In this year’s federal budget, the government committed another $15.3 million to the roll out of e-invoicing. This is a key priority for the government in further digitising the economy and reaping the productivity benefits of faster payments.
Many small and medium-sized business owners may wonder what e-invoicing is, and what it means to them. The first thing to note is that e-invoicing is not sending a PDF invoice over email. Electronic invoicing (e-invoicing) is the system-to-system exchange of invoices via a common standard called PEPPOL (Pan European Public Procurement Online), which Australia and New Zealand adopted in 2019.
You may wonder why Australia and New Zealand adopted a European standard? The simple reason is that it is a very widely used and well-established standard, currently used in 34 countries worldwide. Many countries in the Asia Pacific region, including Singapore, Japan, and Malaysia, have also implemented PEPPOL or are in the process of doing so. A common international procurement framework facilitates cross-border trade for Aussie companies.
The ATO says e-invoicing could return $28 billion to the economy over the next 10 years. Quite simply, this is because the current method of sending and receiving invoices is incredibly inefficient. With most invoices generated and processed manually, human error on either side can significantly delay payments. Naturally, this has a knock-on effect on the broader economy, putting a brake on growth.
With e-invoicing, data is exchanged in a structured format so is more accurate and complete. Further, as it arrives direct to the finance system there are fewer human touchpoints, and a higher rate of straight-through processing can be achieved.
Who’s adopting e-invoicing?
The starting point for PEPPOL’s national rollout is business-to-government transactions. In September last year, the government announced a mandate that all Commonwealth agencies would e-invoice by 1 July 2022, with 80% doing so by 1 July 2021.
To encourage its suppliers to start e-invoicing, the government committed to paying correctly rendered e-invoices up to the value of $1 million within five business days or pay interest on them. With the transition well underway at federal level, it’s likely state governments will shortly follow suit.
As e-invoicing gets further traction in the economy, you may find that whether you supply to government or not, your business customers require you to e-invoice them. The upside for you is that you’ll be paid quicker, particularly if you’re invoicing a large organisation; the benefit to your business customer is that their cost of invoice processing will be significantly reduced.
How to e-invoice?
It may depend on which accounting software you’re using as to whether e-invoicing is a no-brainer for your company or requires more work from you. To be able to e-invoice, your company systems need to be integrated with a PEPPOL access point for both sending and receiving invoices. This is because data is exchanged over the network from the seller’s access point to the buyer’s access point. Therefore, it does not matter if trading partners are using different finance systems, providing they are both connected to the relevant access points for the data exchange.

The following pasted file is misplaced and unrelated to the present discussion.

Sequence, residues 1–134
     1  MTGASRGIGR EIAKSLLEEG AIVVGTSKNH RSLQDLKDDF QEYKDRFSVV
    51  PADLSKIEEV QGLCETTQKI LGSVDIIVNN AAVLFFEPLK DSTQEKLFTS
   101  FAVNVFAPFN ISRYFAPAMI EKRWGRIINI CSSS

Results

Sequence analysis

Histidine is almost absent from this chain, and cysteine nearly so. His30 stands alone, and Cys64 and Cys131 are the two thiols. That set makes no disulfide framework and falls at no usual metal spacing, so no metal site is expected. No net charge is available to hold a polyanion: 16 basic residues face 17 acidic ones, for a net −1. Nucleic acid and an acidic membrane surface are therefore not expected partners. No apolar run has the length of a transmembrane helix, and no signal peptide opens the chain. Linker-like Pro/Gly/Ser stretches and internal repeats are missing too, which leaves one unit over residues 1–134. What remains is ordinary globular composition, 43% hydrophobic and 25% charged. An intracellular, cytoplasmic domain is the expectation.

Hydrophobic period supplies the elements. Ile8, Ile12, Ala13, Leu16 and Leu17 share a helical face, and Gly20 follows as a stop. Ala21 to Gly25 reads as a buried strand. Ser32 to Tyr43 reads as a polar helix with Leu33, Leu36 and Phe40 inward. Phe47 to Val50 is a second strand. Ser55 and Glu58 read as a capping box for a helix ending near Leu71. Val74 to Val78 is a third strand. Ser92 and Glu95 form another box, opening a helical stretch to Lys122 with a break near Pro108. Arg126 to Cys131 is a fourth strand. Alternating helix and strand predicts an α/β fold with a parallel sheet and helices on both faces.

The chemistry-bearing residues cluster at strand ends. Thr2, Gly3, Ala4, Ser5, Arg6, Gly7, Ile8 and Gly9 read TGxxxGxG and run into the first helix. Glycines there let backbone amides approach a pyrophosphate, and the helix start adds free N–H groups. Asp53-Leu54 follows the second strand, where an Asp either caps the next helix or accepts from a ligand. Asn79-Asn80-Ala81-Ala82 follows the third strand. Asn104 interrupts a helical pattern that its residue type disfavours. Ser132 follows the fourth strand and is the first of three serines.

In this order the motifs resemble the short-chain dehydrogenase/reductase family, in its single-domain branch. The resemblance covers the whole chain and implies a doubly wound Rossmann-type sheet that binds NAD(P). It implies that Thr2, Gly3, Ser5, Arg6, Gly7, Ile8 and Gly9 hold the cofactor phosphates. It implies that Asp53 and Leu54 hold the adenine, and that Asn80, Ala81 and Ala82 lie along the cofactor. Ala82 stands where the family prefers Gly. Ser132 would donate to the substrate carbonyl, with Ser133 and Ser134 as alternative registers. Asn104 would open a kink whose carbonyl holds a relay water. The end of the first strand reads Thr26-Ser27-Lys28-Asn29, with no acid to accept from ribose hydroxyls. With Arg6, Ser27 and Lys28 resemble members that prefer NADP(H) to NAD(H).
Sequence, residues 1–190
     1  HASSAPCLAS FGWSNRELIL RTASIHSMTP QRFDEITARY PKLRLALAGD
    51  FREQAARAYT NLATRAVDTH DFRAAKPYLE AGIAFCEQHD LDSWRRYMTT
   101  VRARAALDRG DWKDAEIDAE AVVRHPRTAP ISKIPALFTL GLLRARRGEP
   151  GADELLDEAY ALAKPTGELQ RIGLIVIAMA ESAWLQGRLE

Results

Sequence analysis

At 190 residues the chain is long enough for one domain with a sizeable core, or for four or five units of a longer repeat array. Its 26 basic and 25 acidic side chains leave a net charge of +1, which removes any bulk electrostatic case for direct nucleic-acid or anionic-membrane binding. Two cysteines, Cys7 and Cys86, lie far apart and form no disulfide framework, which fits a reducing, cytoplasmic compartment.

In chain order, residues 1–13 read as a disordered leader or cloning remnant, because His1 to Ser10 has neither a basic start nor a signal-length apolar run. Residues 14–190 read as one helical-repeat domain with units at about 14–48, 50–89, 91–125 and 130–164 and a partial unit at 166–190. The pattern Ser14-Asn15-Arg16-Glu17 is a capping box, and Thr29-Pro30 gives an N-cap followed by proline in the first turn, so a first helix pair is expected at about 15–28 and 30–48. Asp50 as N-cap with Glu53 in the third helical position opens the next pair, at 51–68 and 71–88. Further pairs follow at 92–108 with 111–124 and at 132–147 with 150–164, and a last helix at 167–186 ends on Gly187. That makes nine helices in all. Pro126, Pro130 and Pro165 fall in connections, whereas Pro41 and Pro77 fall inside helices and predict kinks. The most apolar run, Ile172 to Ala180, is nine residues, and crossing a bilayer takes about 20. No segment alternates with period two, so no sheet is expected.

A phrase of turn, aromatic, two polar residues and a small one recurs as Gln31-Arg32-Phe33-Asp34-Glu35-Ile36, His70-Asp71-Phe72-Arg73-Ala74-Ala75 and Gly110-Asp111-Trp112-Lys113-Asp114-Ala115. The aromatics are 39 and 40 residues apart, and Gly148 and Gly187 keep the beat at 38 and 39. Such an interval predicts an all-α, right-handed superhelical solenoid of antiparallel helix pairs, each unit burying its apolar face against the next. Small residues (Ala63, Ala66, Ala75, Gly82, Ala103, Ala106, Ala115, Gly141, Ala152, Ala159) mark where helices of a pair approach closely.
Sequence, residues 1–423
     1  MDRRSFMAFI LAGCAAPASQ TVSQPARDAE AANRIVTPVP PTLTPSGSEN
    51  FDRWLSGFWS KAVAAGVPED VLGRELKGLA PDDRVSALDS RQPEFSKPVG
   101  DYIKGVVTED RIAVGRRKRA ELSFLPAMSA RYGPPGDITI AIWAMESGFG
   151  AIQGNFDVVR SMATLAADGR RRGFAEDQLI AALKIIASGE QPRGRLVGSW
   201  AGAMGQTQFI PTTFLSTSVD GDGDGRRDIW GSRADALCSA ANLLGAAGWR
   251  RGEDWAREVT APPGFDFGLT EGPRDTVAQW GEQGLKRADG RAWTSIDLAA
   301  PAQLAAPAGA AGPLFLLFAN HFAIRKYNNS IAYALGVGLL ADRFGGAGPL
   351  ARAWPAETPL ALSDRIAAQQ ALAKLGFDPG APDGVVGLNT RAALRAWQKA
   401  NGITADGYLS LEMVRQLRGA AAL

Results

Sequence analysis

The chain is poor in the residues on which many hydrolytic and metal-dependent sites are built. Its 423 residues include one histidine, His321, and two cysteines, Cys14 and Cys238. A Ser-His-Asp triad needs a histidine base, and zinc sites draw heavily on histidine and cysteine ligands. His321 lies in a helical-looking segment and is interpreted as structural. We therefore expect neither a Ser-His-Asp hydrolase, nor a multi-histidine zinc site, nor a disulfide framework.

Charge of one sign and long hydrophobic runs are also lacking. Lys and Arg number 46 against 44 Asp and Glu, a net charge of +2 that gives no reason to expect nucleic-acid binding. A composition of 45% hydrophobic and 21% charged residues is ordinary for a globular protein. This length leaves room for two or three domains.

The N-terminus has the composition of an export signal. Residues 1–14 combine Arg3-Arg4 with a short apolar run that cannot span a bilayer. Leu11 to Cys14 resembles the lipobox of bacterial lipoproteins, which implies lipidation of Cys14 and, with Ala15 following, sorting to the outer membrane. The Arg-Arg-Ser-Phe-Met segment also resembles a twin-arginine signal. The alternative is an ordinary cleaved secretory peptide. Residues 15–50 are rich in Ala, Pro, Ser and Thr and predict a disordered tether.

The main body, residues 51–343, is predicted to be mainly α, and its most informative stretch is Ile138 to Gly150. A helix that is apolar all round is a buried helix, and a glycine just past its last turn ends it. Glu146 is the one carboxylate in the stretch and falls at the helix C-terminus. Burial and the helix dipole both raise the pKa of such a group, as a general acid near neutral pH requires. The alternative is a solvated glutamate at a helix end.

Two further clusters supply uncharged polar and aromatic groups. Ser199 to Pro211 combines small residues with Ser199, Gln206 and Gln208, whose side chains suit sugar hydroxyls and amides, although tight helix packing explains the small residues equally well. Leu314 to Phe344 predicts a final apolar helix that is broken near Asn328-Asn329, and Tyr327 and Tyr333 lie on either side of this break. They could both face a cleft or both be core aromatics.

In many instances, the accounting software that companies are already using will incorporate e-invoicing at no extra subscription charge. But this is not always the case, so it’s worth checking with your software provider. Some may, for example, only offer e-invoicing on their latest releases and require an upgrade to access that functionality.
Should you not want to upgrade or change your software, there are various options for you to become PEPPOL ready. These include the following:
- Add on a third-party application that includes a PEPPOL access point,
- Engage a PEPPOL access point service provider to integrate your existing software,
- Use an online portal offered by a service provider to send e-invoices.
Things to consider:
It’s worth considering how e-invoicing will work in your business, and how it will affect business processes and practices now and into the future.
For example, as a small to medium-sized business, your primary driver may be getting paid faster and reducing invoice-related correspondence with your customers, so your focus may be on issuing e-invoices. However, if you also receive a volume of invoices, you may need to consider how to optimise invoice processing workflows to maximise the benefits of PEPPOL.
Naturally, not all businesses will start e-invoicing at the same time. Therefore, even if you are sending and receiving e-invoices, you are likely to continue receiving many non-PEPPOL invoices from your suppliers. How will you manage a manual invoice approval process for these invoices, alongside an automated workflow for e-invoices?
An option could be to get your invoice receiver’s PEPPOL access point through an accounts payable automation solution. This means that you can apply the same rigour to all your invoices, cutting payment times and costs, and ensuring accuracy in company spend.
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